A spotlight on works in translation

This month’s translated works include a debut fiction collection from an Indonesian poet, an award-winning classic of Japanese crime fiction, and the latest work from the secret Italian superstar, Elena Ferrante.

Happy Stories, Mostly by Norman Erikson Pasaribu (tranlated from Indonesian by Tiffany Tsao)

A playful, charged and tender collection of twelve stories – a blend of speculative fiction and dark absurdism, often drawing on Norman Erikson Pasaribu’s Batak and Christian cultures. Pasaribu’s stories ask what it means to be almost happy – almost to find joy, almost to be accepted, but never quite grasp one’s desire.

Portrait of an Unknown Lady by Maria Gainza (translated from Spanish by Thomas Bunstead)

Set in Buenos Aires of the ‘60s and present day, this is a glittering novel full of intrigue and glamour. It celebrates three magnetic women and their influence in a bohemian underworld of art forgery, European emigrés, and once-grand hotels. At the heart of the book is the enigmatic Renée, artist-savant and the best forger in town, who becomes the preoccupation, even obsession, of the book’s young narrator, after the death of her own mentor, Enriqueta.

Paradais by Fernanda Melchor (translated from Spanish by Sophie Hughes)

Inside a luxury housing complex, two misfit teenagers sneak around and get drunk. Franco, lonely, overweight, and addicted to porn, obsessively fantasises about seducing his neighbour - an attractive married woman and mother - while Polo dreams about quitting his gruelling job as a gardener in the gated community and fleeing his overbearing mother and their narco-controlled village. Facing the impossibility of getting what they think they deserve, Franco and Polo hatch a mindless and macabre scheme.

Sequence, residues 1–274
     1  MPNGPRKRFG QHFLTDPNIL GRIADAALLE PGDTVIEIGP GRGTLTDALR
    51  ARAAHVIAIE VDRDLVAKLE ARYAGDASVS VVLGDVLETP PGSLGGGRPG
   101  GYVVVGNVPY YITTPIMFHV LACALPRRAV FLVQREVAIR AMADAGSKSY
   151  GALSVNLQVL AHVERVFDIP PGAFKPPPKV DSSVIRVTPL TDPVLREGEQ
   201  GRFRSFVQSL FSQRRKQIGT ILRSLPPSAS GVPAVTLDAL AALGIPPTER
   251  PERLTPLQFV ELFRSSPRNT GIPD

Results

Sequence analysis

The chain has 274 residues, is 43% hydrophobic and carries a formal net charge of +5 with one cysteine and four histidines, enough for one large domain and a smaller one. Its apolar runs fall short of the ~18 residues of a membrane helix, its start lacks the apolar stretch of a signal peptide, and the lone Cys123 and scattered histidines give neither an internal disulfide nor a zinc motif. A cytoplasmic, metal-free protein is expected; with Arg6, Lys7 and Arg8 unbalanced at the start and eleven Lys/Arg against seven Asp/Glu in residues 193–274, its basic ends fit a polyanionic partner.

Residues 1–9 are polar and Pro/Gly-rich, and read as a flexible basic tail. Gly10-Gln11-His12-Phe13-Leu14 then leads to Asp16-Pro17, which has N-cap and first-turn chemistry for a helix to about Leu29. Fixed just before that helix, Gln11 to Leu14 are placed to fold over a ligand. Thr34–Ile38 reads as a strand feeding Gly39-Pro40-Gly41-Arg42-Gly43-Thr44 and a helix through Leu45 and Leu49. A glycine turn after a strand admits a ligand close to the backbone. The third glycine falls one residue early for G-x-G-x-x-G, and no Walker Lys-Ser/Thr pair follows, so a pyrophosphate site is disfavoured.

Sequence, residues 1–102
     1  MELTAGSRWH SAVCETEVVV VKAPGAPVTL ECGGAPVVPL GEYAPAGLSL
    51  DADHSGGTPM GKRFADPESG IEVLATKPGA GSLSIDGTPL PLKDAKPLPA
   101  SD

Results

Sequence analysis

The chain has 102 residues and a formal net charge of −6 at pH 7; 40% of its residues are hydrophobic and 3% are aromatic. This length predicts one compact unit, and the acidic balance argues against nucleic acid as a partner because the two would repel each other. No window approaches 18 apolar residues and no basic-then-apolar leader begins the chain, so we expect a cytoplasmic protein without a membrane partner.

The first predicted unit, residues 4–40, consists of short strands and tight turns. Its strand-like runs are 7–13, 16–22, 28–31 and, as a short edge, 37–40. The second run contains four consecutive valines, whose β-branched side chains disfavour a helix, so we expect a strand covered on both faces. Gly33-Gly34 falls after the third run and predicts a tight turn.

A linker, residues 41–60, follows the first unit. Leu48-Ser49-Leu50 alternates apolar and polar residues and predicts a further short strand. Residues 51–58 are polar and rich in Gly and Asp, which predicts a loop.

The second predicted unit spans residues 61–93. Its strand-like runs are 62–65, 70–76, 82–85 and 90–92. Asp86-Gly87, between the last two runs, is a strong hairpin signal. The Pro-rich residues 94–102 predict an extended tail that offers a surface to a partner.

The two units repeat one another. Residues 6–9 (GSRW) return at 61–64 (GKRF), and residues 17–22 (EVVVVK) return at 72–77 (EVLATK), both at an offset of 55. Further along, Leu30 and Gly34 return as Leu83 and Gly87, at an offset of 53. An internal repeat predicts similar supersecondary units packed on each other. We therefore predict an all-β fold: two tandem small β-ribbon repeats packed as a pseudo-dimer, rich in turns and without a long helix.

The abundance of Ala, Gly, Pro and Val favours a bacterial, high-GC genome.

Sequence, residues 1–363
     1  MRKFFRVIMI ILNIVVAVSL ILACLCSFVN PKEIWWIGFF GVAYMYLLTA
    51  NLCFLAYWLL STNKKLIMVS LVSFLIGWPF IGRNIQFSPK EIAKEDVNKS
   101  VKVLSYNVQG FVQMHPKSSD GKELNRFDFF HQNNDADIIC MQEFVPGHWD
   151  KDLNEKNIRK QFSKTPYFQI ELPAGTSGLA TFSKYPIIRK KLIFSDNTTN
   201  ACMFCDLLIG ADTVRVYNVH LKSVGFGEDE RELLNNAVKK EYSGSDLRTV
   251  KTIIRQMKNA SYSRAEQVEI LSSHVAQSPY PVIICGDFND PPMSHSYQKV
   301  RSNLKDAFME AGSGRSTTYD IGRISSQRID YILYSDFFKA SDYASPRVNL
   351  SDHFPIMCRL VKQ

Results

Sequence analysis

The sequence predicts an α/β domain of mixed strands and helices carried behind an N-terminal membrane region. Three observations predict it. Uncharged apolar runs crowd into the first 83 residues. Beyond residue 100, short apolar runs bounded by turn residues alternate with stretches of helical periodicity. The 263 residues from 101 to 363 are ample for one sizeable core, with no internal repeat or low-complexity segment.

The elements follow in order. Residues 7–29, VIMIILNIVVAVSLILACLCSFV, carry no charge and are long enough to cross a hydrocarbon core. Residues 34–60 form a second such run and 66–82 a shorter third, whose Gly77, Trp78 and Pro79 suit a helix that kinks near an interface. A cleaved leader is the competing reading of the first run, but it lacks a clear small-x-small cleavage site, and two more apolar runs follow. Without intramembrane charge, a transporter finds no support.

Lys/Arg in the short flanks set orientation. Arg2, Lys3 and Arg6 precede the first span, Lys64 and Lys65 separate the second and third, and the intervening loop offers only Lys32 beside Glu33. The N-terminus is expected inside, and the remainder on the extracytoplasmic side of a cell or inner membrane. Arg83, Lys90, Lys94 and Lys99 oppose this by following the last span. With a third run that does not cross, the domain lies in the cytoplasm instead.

Lady Joker Kaoru Takamura (translated from Japanese by Allison Markin Powell & Marie Iida)

Tokyo, 1995. Five men meet at the racetrack every Sunday to bet on horses. They have little in common except a deep disaffection with their lives, but together they represent the social struggles and griefs of post-war Japan. Intent on revenge against a society that values corporate behemoths more than human life, the five conspirators decide to carry out a heist: kidnap the CEO of Japan’s largest beer conglomerate and extract blood money from the company’s corrupt financiers.

In the Margins: On the Pleasures of Reading and Writing by Elena Ferrante (translated from Italian by Ann Goldstein)

A delightful collection of essays exploring reading and writing from the internationally acclaimed author of My Brilliant Friend. Ferrante’s writing has been described as compulsive and astonishing, her novels have sold millions and been translated into many languages as well as adapted for TV internationally. In the Margins contains her latest reflections on literature, and the works and authors that have influenced her throughout her career.

Cover image for Happy Stories, Mostly

Happy Stories, Mostly

Norman Erikson Pasaribu

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